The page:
BILOXI, MS (WLOX) - "In advance of the freshwater coming into Mississippi, we were catching excellent numbers of brown shrimp at all of our stations," reported Traci Floyd, Director of the DMR's Shrimp and Crab Bureau.
On Tuesday, Floyd gave the Commission on Marine Resources a glowing progress report on the 2011 Mississippi shrimp season.
"The week of June 8, we heard good reports of fishermen saying the shrimp are thick, meaning great catches," said Floyd. "We've even heard of record catch from one fisherman. So it's looking like a good year so far, in spite of the Bonnet Carre Spillway opening."
But several shrimpers disagreed with the report.
"These landing reports here, I don't like it, because it's false information," said shrimper Mark Stewart. "Opening day of the season, I had to go back to Louisiana because I couldn't catch any. The second week, I did catch some. But right now, the shrimp aren't there."
Another major concern is the price they're getting for their limited catch. The fishermen say last year, they were getting an average of $1.65 a pound. This year, the price has dropped drastically.
"Why we got the lowest prices on our shrimp? I'm begging you," shrimper James Miller asked the CMR.
"The price is set by the market, supply and demand," a commissioner responded.
"I can't work for 35 cents a pound sir," said Miller.
"We understand there is a price issue out there," said CMR Chairman Dr. Vernon Asper. "Believe it, we would like to see the highest price we possibly can as an agency, because we pride ourselves in being able to make the very best use of this resource that we can. We're not trying to hurt anybody. We're trying to do the best job we can."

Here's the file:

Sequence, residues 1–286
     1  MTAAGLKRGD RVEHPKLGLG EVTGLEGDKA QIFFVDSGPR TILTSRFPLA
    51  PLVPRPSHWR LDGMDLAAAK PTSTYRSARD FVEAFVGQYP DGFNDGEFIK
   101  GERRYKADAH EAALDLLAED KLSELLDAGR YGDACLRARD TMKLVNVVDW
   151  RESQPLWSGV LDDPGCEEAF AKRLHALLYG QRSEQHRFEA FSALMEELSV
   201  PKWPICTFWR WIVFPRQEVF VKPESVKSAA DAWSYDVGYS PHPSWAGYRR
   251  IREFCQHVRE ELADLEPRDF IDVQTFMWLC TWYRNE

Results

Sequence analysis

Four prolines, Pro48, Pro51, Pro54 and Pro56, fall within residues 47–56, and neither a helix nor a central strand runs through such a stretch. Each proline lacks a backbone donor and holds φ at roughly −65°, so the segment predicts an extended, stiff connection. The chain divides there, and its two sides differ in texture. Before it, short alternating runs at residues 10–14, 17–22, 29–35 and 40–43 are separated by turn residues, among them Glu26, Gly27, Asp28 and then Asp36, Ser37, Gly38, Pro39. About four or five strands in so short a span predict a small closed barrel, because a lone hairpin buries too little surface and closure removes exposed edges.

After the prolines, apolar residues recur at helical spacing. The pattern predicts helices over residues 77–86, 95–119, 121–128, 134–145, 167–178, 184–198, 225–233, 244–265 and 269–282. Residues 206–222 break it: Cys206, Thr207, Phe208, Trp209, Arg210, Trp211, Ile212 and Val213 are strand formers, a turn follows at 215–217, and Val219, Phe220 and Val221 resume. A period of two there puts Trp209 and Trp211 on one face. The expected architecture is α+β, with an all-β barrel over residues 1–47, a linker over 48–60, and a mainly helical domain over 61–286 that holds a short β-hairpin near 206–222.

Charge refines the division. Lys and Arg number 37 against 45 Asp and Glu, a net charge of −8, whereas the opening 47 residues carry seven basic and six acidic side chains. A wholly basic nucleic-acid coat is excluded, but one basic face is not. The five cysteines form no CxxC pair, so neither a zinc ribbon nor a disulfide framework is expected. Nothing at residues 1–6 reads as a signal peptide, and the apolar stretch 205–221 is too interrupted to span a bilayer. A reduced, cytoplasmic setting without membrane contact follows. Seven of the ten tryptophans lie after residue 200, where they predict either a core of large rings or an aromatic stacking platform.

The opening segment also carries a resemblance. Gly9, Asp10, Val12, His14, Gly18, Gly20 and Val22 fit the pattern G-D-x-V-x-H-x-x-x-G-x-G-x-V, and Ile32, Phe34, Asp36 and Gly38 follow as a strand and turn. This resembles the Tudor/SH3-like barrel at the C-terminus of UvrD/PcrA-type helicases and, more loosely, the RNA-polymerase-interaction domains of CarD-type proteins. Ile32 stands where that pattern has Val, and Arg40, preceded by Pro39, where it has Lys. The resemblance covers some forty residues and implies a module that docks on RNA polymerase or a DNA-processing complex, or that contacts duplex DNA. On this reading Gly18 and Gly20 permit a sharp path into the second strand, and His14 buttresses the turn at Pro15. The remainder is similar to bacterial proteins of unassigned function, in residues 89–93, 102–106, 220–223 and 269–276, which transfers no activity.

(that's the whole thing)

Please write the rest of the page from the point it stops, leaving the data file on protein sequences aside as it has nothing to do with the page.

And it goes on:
Several shrimpers say they have lost so much money, they've had to dock their boats.
"I've been shrimping full time now for close to 20 years, and this is the first time I've ever took two weeks off in June. I mean, this is just unheard of," said shrimper Frank Parker.
"The shrimp don't seem like they want to grow," said shrimper Eddie Rhodes. "There's none in Mississippi right now. Everybody's been out looking, but they can't find none here."
The shrimpers say this is just the latest blow to their livelihood.
"Oil spill, freshwater, just everything," said Rhodes. "Just deal with it. We're fishermen. We'll survive, always have."
The DMR says most of the larger shrimp have been found on the east side of the Mississippi Sound. The average count has been 51-to-60 shrimp per pound. The DMR findings are based on its own sampling, landings from seafood dealers, and reports from shrimpers.